March 9th, 2009
|01:33 am - Fun with remote branches (1)|
When you collaborate with others using a shared central repository, you must have the integration branch (or branches) in the central repository. That is the point of origin that everybody will work on top. Let's call that the "master" branch. You do not have to have anything else at the shared central repository in order to take advantage of git nor its topic branches workflow.
The simplest way to collaborate using a shared central repository would go like this:
- You clone from the shared repository to create your work repository (this needs to be done only once at the start).
- You never work directly on your "master" branch. Everything you do will be done first by forking a topic branch, and you do not talk with others until you perfect it.
- Once you perfect a theme on your topic branch, you merge it to "master" and push it back to the central repository.
The first step would look like this:
$ git clone /git/projects/hello.git hello
$ cd helloAnd you can see you have only "master" branch from "git branch" output:
$ git branch
* master You will use the local "master" branch to grow the history here. The branches that are taken from the source of the cloning are kept as remote tracking branches. For example, if the shared repository had two integration branches "master" and "maint", you would see:
$ git branch -r
origin/HEAD -> origin/master
orign/masterand you can use these names to refer to the history leading to the tip of the branches that appear there, like so:
$ git log master..origin/master
$ git log origin/master..master
$ git log origin/master...master
The first form lists commits that do not appear in the local "master" but appear in the "origin/master" (that is the "master" branch at the "origin" repository --- where you cloned from). In other words, they are what others did.
The second form lists commits that do appear in the local "master" but do not appear in the "origin/master". They are what you hare still holding onto without showing others.
The last one shows both. It is often useful to use with --left-right option, like this:
$ git log --oneline --graph --left-right origin...master
One bad thing about git UI is that we tend to emphasize the size of the first one too much. If you always work on "master", it is good to know that you are behind and encourage you to catch up, but saying that to any topic branch you fork is misleading. You should not update your topic branches from where you forked from unless you have a good reason to, and "other people have new work on the branch I forked from" is never a good reason for such a merge.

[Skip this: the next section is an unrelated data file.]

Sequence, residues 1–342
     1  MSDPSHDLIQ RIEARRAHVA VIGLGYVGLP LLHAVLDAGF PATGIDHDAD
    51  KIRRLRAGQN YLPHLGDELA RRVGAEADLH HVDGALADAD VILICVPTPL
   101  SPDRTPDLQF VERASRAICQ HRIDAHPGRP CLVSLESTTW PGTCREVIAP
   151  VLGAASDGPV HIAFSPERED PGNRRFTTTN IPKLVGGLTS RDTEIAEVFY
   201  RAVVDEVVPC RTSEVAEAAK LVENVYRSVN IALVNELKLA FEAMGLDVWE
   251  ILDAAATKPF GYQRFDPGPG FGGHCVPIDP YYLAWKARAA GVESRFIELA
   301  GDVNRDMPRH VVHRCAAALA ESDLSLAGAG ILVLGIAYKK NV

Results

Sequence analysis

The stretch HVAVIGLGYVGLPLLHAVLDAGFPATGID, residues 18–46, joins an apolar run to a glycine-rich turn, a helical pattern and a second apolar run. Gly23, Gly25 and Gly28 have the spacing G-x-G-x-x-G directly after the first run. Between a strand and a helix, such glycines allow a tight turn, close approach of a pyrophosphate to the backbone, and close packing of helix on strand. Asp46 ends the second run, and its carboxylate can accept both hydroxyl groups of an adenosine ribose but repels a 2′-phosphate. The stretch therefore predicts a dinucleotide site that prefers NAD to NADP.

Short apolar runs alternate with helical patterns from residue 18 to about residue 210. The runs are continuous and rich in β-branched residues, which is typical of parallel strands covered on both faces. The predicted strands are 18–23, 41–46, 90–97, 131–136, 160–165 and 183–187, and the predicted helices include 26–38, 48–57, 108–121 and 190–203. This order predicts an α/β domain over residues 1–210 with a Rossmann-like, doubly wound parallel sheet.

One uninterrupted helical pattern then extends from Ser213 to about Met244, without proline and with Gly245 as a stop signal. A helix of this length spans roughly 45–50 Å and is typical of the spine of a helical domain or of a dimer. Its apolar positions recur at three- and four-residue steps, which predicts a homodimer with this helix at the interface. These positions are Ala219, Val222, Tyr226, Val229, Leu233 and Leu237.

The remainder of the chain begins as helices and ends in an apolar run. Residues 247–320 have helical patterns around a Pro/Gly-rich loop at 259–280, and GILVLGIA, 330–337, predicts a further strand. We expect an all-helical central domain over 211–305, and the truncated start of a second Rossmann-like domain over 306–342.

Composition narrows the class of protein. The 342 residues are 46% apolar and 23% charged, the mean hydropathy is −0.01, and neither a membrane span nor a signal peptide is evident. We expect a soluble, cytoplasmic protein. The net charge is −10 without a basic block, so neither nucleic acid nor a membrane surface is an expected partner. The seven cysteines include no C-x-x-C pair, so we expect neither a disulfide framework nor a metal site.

But that is an unrelated tangent for the purpose of this entry.
The second step is to fork a topic branch to work on your theme.
$ git checkout -b bufgix-42 origin/master
$ edit, test, cleanup, ...
$ git commitAnd the third step, once the topic is perfected in your repository, is to merge it back to the integration branch and push it back to the shared repository. First you make sure you are up to date with respect to the shared repository:
$ git checkout master
$ git pullThis should fast forward because you are not supposed to have done anything on your master. Then:
$ git merge bugfix-42
$ review, test, convince yourself...
$ git push origin master
If your project's policy is not to have anything but the public integration branches (i.e. "master" in this example), then the default behaviour of "git push" that pushes the matching refs will also be appropriate here.
You can, optionally, rebase bugfix-42 branch on top of master before pushing it back. As long as what was done by others does not conflict with what you did while on bugfix-42 branch, it will make a cleaner history. It is not a big deal to have an extra merge commit, and such a rebase is strictly optional.
Continued to the second installment.